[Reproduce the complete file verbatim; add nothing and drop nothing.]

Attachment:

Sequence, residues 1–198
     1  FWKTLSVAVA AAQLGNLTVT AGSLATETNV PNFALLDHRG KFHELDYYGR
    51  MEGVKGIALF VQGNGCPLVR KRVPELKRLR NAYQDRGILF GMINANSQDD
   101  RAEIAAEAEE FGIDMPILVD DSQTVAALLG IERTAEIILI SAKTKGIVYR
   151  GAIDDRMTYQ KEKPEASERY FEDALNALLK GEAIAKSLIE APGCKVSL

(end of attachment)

Sequence, residues 1–198
     1  FWKTLSVAVA AAQLGNLTVT AGSLATETNV PNFALLDHRG KFHELDYYGR
    51  MEGVKGIALF VQGNGCPLVR KRVPELKRLR NAYQDRGILF GMINANSQDD
   101  RAEIAAEAEE FGIDMPILVD DSQTVAALLG IERTAEIILI SAKTKGIVYR
   151  GAIDDRMTYQ KEKPEASERY FEDALNALLK GEAIAKSLIE APGCKVSL